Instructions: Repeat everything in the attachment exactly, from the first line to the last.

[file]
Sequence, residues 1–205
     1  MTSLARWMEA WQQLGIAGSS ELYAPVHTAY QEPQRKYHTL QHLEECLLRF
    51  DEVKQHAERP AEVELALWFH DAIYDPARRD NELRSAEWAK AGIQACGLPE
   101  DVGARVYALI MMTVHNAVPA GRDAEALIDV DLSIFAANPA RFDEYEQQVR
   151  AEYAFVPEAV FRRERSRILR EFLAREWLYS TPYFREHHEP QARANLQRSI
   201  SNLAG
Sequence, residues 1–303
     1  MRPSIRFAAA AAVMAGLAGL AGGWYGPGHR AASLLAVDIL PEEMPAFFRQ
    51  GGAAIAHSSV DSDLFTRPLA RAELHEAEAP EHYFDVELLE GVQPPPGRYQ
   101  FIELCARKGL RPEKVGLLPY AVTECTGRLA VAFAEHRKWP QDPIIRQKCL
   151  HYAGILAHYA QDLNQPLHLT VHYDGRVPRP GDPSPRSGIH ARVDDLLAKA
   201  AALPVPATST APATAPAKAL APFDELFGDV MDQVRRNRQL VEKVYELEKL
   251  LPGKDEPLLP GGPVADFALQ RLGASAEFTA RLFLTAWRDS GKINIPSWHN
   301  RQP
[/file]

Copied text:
Sequence, residues 1–205
     1  MTSLARWMEA WQQLGIAGSS ELYAPVHTAY QEPQRKYHTL QHLEECLLRF
    51  DEVKQHAERP AEVELALWFH DAIYDPARRD NELRSAEWAK AGIQACGLPE
   101  DVGARVYALI MMTVHNAVPA GRDAEALIDV DLSIFAANPA RFDEYEQQVR
   151  AEYAFVPEAV FRRERSRILR EFLAREWLYS TPYFREHHEP QARANLQRSI
   201  SNLAG
Sequence, residues 1–303
     1  MRPSIRFAAA AAVMAGLAGL AGGWYGPGHR AASLLAVDIL PEEMPAFFRQ
    51  GGAAIAHSSV DSDLFTRPLA RAELHEAEAP EHYFDVELLE GVQPPPGRYQ
   101  FIELCARKGL RPEKVGLLPY AVTECTGRLA VAFAEHRKWP QDPIIRQKCL
   151  HYAGILAHYA QDLNQPLHLT VHYDGRVPRP GDPSPRSGIH ARVDDLLAKA
   201  AALPVPATST APATAPAKAL APFDELFGDV MDQVRRNRQL VEKVYELEKL
   251  LPGKDEPLLP GGPVADFALQ RLGASAEFTA RLFLTAWRDS GKINIPSWHN
   301  RQP